‌   ‌   ‌   ‌   ‌   ‌   ‌   ‌   ‌   ‌   ‌   ‌   ‌   ‌   ‌   ‌   ‌   ‌   ‌   ‌   ‌   ‌   ‌   ‌   ‌   ‌   ‌   ‌   ‌   ‌   ‌   ‌   ‌   ‌   ‌   ‌   ‌   ‌   ‌   ‌   ‌   ‌   ‌   ‌   ‌   ‌   ‌   ‌   ‌   ‌   ‌   ‌   ‌   ‌   ‌   ‌   ‌   ‌   ‌   ‌   ‌   ‌   ‌   ‌   ‌   ‌   ‌   ‌   ‌   ‌   ‌   ‌   ‌   ‌   ‌   ‌   ‌   ‌   ‌   ‌   ‌   ‌   ‌   ‌   ‌   ‌   ‌   ‌   ‌   ‌   ‌   ‌   ‌   ‌   ‌   ‌   ‌   ‌   ‌   ‌   ‌   ‌   ‌   ‌   ‌   ‌   ‌   ‌   ‌   ‌   ‌   ‌   ‌   ‌   ‌   ‌   ‌   ‌   ‌   ‌   ‌   ‌   ‌   ‌   ‌   ‌   ‌   ‌   ‌   ‌   ‌   ‌   ‌   ‌   ‌   ‌   ‌   ‌   ‌   ‌   ‌   ‌   ‌   ‌   ‌   ‌   ‌   ‌   ‌   ‌   ‌   ‌   ‌   ‌   ‌   ‌   ‌   ‌   ‌   ‌   ‌   ‌   ‌   ‌   ‌   ‌   ‌   ‌
Click here to see this online

June 28, 2019



A research team led by Penn State University developed Beescape to help beekeepers understand what resources and risks bees may encounter when they leave the hive. The team includes Dickinson College, Purdue University, University of Illinois at Urbana-Champaign, University of Wisconsin, University of Minnesota, University of California – Davis, and USDA’s Agricultural Research Service. “Bees forage over long distances to gather nectar and pollen, which they use to feed their offspring and, for social bees, to support their colony,” said Christina Grozinger, director for the Penn State’s Center for Pollinator Research. “It is nearly impossible for a beekeeper, or someone who is trying to support wild bees in their gardens or farms, to know what bees will encounter during these journeys.” With its online format, Beescape allows a user to select a specific location and get information about the surrounding area, such as the amount of floral resources, the amount and type of applied insecticide, and the availability of nesting habitat for wild bees. Beekeepers can help the Beescape Team by providing data on the health of their bees through an online questionnaire. The team will use this information to see how different landscape scores relate to bee health, and then develop models for Beescape that are more precise.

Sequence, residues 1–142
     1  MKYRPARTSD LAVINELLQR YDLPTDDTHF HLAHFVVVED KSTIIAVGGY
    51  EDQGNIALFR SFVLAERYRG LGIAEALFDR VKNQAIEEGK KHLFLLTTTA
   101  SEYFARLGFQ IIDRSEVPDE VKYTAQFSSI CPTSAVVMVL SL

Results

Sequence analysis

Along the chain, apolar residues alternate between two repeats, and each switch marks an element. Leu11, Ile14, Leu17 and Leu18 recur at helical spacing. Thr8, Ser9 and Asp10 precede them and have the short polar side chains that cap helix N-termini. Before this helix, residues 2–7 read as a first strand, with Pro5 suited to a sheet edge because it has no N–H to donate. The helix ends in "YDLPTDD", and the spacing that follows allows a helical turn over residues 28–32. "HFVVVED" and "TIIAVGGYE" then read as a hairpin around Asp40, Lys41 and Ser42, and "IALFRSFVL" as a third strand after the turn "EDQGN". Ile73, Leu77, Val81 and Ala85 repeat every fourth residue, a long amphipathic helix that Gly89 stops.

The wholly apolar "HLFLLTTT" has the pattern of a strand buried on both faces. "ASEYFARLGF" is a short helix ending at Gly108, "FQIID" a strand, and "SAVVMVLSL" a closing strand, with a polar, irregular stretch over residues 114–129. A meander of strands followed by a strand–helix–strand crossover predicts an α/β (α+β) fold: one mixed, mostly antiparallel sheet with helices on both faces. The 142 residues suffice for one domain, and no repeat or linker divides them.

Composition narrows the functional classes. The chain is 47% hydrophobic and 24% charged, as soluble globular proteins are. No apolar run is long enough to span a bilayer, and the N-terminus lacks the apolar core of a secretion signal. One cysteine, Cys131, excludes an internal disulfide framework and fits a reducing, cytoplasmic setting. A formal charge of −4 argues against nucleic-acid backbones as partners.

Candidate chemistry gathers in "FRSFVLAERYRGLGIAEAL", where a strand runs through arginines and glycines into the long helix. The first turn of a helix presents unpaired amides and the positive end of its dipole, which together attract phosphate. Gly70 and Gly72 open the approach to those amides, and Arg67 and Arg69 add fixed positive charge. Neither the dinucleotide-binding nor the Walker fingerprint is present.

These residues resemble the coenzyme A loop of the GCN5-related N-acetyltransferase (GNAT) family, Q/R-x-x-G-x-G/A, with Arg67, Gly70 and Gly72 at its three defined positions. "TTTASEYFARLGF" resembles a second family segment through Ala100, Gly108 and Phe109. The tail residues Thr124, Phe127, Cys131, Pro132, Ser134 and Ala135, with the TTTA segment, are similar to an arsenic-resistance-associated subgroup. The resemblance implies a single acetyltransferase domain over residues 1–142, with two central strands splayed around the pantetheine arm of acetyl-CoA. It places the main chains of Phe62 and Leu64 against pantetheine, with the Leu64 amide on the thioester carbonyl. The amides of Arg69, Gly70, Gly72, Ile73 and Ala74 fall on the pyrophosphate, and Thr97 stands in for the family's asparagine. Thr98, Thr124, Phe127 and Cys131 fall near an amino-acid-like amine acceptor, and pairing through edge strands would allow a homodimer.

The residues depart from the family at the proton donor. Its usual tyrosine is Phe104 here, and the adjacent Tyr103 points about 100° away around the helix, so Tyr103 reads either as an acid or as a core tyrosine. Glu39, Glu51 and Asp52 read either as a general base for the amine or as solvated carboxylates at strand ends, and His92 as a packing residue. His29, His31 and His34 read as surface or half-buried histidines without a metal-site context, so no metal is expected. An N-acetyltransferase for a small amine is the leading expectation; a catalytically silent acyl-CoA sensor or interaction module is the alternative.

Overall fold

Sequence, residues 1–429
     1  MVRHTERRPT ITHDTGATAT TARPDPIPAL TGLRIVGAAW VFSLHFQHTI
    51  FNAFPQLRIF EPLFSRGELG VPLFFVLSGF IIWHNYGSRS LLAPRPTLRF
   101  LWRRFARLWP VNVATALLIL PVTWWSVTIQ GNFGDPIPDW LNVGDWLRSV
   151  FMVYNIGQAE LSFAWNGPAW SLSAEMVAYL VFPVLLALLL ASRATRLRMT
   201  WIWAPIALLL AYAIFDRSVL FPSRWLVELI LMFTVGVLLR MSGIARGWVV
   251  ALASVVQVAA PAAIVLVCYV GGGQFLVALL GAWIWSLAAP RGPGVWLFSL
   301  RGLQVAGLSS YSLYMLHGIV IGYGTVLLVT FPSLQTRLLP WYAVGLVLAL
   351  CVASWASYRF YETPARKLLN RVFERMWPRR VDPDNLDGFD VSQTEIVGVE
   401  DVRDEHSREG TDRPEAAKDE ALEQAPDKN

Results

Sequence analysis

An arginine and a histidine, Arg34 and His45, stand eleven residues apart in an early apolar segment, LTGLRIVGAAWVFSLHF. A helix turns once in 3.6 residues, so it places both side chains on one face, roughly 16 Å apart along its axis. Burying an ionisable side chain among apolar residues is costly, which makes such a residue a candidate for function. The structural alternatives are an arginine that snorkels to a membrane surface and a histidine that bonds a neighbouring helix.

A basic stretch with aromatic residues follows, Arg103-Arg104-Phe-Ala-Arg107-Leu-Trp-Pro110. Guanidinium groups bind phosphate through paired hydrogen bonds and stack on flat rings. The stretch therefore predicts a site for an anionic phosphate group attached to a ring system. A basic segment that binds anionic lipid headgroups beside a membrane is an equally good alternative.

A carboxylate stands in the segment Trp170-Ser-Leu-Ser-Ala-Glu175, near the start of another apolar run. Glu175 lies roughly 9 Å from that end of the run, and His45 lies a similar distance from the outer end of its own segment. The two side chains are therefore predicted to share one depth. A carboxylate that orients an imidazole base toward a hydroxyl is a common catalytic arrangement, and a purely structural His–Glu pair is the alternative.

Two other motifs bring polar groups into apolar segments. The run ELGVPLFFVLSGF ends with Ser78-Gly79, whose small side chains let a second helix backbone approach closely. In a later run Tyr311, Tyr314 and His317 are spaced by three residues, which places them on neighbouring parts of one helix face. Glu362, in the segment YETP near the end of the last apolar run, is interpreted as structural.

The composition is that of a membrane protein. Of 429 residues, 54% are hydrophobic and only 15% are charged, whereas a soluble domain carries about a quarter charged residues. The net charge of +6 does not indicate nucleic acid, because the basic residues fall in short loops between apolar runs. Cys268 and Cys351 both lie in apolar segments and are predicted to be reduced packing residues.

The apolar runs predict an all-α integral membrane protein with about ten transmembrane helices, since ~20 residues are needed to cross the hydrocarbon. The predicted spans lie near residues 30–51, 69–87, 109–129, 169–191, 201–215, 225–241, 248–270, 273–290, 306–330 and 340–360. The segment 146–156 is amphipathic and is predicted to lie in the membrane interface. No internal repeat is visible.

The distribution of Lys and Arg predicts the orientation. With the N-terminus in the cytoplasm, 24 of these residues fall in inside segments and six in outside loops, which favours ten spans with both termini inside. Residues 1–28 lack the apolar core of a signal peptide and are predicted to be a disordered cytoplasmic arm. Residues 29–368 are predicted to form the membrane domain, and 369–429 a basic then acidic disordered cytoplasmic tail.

Registration is open for the 12th annual Growing Sustainable Communities Conference, Oct. 24-25, 2019 at the Grand River Center in Dubuque, Iowa. Hosted by the City of Dubuque, Iowa, the Growing Sustainable Communities Conference is the largest and longest standing sustainability conference in the Midwest. The conference features workshop speakers with a wide range of expertise. Speakers from municipal governments large and small present case studies on the sustainability initiatives in their respective communities, and researchers from universities and nonprofits present their findings. Workshop topics typically include tree canopy projects and programs, watershed and stormwater management, brownfield redevelopment, solar energy, small-town sustainability, biogas conversion, equity, placemaking, livability, climate action planning, education/community partnerships, mobility planning and design, sustainability tools and frameworks, alternative fuel vehicles, green building and sustainable development, local foods, LED streetlight conversions, affordable housing initiatives, green infrastructure, sustainability metrics, training and community engagement, among others.